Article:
Wednesday, October 2, 2013
Days of Sand by Hélène Dorion
by Hélène Dorion (trans. Jonathan Kaplansky)
Cormorant Books, 2007 (original French published in 2002)
This is a book I've been holding on to for a long time. I've wanted to read Days of Sand since I read a review when the English translation was first published. Some years later I received it as a Christmas gift, since it didn't seem to exist in any of the many libraries I have access to; it was apparently a difficult book to find. Some time after I started trying to read it. Now, years later, I have finally finished it.
I don't remember exactly what it was about the review that triggered my interest, but it seemed like the perfect sort of read for me right now, where books with a strong narrative or long chapters or a page count over about 150 seem to be eluding my grasp. I love books where the focus is on language, where it is the intrinsic beauty or the rhythm or the feel of the words themselves that hold the reader, not necessarily the plot or the characters (see my longtime adoration of Michael Ondaatje's work, for example, though I'd not say he can't do plot or characters; he just doesn't have to, in my opinion.)
On the surface, Days of Sand is exactly the sort of thing I like. Very short sections, three pages at the most, each focusing a lens on a single idea or memory. Very little narrative, though the cover says it's a novel. In fact, I'd say it's largely prose-poetry, each piece a contained bit of carefully put-together language, designed to evoke some reaction in the reader -- recognition, sympathy, understanding, alienation, memory. But also very much to my taste, the emotion evoked is not manipulated out of the reader. The text trusts the reader to make a connection; it doesn't force it.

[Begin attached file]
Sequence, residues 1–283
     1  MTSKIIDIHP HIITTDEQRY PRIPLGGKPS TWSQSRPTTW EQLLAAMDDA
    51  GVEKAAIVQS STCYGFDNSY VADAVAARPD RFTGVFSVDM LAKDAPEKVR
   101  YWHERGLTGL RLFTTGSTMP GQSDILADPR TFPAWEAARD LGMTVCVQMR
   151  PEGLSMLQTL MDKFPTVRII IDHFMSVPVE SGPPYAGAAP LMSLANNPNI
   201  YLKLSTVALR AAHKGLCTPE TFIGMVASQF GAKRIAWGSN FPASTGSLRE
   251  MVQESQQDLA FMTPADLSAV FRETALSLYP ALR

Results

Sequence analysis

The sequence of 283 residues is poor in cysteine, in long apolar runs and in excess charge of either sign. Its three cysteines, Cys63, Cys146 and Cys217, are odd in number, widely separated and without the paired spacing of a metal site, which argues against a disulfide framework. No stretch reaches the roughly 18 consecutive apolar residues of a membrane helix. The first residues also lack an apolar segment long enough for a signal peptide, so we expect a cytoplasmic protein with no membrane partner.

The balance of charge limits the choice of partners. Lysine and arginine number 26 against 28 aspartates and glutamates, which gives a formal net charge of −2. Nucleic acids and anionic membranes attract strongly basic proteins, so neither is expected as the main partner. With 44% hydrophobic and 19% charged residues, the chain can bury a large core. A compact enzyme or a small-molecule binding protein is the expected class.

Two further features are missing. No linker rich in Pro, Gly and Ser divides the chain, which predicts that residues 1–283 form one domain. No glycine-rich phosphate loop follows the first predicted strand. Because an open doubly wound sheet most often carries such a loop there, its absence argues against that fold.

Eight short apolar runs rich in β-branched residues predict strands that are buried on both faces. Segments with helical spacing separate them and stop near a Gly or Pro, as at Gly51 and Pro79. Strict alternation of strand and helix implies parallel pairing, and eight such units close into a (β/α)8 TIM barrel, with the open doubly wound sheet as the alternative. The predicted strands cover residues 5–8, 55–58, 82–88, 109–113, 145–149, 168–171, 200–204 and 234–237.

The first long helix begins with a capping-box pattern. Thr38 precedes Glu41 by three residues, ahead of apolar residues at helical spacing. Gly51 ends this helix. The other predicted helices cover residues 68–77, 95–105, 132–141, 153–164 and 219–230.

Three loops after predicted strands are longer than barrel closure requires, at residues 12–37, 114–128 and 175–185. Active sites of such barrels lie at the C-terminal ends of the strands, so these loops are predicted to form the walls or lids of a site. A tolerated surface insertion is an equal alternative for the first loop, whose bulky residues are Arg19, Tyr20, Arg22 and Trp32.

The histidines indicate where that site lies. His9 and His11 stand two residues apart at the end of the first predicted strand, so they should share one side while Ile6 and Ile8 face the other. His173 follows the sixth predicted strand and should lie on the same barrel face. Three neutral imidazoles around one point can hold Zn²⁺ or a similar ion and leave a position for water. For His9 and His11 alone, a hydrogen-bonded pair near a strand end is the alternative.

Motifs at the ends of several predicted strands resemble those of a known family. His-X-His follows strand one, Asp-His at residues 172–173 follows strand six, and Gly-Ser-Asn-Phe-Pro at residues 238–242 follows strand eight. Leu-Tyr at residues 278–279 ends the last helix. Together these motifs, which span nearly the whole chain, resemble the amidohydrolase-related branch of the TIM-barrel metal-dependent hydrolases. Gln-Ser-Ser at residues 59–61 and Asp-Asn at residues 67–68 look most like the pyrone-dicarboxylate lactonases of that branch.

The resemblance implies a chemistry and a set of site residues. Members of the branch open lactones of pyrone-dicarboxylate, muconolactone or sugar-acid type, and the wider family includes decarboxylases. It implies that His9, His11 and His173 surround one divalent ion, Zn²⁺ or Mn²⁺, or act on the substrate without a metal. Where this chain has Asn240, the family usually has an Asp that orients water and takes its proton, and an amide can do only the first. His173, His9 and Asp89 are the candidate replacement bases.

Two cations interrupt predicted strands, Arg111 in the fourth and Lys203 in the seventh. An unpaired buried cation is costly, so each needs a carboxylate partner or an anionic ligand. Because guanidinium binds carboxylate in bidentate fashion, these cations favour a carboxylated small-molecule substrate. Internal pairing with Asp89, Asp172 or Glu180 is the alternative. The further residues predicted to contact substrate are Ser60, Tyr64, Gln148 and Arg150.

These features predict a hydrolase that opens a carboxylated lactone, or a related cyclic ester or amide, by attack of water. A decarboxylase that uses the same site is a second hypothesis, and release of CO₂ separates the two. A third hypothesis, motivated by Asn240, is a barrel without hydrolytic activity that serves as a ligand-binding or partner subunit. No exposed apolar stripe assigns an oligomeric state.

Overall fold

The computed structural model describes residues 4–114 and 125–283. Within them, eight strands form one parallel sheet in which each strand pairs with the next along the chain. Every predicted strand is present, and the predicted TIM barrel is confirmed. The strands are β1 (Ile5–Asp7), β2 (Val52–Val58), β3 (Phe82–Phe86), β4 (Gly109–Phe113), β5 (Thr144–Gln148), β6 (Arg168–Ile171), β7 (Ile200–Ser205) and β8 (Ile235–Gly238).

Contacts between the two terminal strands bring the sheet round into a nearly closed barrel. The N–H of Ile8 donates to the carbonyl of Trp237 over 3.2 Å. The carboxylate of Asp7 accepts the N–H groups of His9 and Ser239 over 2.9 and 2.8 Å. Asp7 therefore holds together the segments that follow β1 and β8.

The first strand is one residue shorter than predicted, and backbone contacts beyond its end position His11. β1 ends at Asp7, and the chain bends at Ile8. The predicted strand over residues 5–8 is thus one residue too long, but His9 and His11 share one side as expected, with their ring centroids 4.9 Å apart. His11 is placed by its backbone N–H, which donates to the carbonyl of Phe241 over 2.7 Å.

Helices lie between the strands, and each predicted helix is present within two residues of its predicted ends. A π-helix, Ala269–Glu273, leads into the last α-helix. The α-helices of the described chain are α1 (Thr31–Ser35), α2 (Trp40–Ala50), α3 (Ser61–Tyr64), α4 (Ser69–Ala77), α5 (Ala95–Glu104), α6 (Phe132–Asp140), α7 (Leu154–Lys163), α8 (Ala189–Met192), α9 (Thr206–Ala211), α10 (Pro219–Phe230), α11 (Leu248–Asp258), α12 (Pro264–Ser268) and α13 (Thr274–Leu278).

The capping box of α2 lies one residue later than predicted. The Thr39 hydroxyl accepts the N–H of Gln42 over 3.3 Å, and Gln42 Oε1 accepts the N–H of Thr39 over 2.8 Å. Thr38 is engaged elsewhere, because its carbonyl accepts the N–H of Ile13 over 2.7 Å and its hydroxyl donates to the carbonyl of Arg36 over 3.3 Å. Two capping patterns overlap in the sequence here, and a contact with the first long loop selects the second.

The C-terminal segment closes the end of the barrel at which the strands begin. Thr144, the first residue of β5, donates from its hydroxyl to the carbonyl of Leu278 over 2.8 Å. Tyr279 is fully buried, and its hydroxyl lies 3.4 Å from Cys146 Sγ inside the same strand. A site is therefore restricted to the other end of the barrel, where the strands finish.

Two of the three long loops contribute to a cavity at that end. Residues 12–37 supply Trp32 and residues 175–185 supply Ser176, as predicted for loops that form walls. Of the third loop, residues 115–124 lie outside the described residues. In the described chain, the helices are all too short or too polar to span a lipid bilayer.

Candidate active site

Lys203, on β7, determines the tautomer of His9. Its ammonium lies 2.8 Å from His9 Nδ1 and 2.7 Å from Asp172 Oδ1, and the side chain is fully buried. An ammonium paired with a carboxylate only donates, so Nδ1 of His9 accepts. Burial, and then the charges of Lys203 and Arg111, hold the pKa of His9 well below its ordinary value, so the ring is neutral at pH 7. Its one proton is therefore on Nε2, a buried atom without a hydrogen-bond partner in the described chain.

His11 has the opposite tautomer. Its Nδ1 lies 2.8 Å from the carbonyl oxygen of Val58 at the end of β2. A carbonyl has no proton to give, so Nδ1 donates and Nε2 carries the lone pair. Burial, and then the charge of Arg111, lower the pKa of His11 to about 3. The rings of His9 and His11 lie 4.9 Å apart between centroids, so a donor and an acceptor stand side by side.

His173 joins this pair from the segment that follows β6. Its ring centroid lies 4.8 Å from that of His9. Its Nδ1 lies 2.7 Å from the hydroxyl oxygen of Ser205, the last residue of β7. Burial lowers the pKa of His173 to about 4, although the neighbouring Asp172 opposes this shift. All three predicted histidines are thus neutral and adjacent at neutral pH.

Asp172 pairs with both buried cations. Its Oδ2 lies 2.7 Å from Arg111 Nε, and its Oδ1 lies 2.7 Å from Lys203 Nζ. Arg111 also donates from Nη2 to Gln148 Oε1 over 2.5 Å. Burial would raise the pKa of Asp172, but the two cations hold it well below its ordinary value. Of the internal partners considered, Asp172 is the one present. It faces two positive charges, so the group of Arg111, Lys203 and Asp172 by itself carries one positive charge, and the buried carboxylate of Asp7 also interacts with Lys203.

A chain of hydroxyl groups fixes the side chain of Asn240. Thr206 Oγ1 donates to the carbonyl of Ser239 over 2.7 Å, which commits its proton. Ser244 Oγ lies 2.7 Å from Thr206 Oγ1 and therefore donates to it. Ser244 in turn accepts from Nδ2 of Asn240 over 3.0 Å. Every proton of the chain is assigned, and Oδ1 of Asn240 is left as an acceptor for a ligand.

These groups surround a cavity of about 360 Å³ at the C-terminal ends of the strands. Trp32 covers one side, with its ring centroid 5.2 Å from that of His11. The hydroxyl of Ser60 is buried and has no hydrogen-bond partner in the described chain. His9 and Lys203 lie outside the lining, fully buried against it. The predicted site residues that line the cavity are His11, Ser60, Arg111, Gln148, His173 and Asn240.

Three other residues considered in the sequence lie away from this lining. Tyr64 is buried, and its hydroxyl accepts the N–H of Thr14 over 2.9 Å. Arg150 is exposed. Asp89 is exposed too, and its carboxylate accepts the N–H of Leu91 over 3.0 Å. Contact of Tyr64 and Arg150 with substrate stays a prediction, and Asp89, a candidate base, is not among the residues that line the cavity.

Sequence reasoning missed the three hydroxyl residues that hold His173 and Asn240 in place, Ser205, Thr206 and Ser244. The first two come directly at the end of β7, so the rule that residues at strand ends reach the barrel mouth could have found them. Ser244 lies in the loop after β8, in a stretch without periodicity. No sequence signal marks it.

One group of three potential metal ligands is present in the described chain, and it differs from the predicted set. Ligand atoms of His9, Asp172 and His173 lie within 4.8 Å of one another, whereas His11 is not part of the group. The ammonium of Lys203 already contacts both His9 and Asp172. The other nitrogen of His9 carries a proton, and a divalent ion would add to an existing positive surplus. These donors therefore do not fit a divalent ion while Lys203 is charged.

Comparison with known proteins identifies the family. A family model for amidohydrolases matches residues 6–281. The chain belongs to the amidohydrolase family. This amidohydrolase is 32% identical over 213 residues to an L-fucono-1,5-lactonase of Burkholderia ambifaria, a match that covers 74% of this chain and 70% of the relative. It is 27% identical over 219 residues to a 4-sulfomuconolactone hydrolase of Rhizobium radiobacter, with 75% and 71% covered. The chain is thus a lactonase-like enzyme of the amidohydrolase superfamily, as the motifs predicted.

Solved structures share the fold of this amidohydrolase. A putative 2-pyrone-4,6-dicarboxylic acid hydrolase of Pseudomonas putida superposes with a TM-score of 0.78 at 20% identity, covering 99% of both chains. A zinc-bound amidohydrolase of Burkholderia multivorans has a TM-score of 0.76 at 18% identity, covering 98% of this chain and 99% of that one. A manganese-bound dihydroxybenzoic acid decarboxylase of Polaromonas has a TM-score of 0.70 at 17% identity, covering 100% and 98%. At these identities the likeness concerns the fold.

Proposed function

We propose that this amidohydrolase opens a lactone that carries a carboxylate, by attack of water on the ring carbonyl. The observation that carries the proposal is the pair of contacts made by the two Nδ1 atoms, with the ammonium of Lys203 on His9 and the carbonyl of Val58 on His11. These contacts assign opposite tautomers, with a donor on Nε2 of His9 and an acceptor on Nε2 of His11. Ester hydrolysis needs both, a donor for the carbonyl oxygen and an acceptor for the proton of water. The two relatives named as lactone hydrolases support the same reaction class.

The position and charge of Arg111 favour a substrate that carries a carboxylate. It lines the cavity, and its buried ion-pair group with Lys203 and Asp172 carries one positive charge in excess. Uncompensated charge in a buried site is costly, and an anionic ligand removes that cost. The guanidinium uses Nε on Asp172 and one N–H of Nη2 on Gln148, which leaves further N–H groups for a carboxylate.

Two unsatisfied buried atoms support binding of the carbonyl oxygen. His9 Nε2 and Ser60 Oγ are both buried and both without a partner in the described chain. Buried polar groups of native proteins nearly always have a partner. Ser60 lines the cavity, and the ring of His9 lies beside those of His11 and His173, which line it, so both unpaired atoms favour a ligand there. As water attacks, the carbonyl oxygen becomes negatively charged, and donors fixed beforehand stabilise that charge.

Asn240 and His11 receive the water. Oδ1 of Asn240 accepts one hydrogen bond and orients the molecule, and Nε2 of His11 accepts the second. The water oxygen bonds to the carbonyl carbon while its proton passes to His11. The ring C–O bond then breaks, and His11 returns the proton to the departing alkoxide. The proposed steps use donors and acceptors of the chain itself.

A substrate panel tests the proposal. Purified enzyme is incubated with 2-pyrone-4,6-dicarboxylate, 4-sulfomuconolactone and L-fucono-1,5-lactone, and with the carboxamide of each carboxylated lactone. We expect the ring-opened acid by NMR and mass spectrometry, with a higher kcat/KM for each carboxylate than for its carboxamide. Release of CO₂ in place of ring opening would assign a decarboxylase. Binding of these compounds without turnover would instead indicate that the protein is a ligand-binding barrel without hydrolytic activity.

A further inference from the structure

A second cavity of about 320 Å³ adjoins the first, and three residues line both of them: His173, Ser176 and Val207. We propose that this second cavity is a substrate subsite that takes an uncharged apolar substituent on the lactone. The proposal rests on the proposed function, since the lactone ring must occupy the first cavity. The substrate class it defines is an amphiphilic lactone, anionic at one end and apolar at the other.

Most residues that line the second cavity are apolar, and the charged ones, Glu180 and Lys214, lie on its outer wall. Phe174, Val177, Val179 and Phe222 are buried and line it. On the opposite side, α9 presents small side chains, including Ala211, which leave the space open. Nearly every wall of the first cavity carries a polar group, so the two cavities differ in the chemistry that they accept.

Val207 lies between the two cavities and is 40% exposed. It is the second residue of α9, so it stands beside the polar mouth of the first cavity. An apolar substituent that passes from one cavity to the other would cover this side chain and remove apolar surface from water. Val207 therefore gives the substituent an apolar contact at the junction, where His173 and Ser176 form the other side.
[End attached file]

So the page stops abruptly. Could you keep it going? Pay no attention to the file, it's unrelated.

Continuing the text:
And I hate that this book wasn't quite right for me after all. I desperately wanted to like it, and I really did try. It's Canadian, it won the Prix Anne-Hébert in 2004 (clearly someone liked it, or several someones) and I remember the review being full of praise. It feels deeply personal, though it is a work of fiction. It's from a tiny Canadian publisher. It's an odd little book that I expect deserves a wider audience. Except... except.
I don't know if it's the translation, or that the rhythm of the author's original prose works better in French (I suspect both) or if it's just that Dorion's writing just really didn't work for me. I felt I was working against the prose in many places, fighting with it to wring out meaning and connection. I got there at some points. At other points I was just bored by what felt clumsy, pedestrian repetition without any point, and -- get this, coming from me -- an overabundance of commas where other forms of punctuation or none at all would have better served the text.
It wasn't all disappointing. There were moments of brilliance. There is an entire section where the narrator talks about being at the beach as a child -- the section that the title comes from, verbatim, though it has significance throughout the book -- that absolutely shines. There are other delightful little moments, beautiful bits of writing that felt like truth and also like art. The meditations on memory and words and existence are incisive, if not always original, and I think I can safely say that the moments where I did connect to the text were worth the many moments where I did not.
It is possible, too, that I should have read this differently. I maybe should have read it all in one go, or as much as possible, rather than a section here and there, sometimes with days in between. It might be that I need time and exposure to get the feel of the text, and that by reading it in small pieces I never really got to experience the full effect. I do suspect there is something in this, as the few times where I read more than two or three sections at once, I felt much more positive about the whole experience.
I am glad I own this book, because I think perhaps it deserves a second chance at some point down the line. But it is hard to say if I would recommend it, or who I would recommend it to. I'd love to read it in its original French and compare the experience; I'll get back to you on that once I've learned enough French. Until then, I'm saddened that I didn't like this better than I did.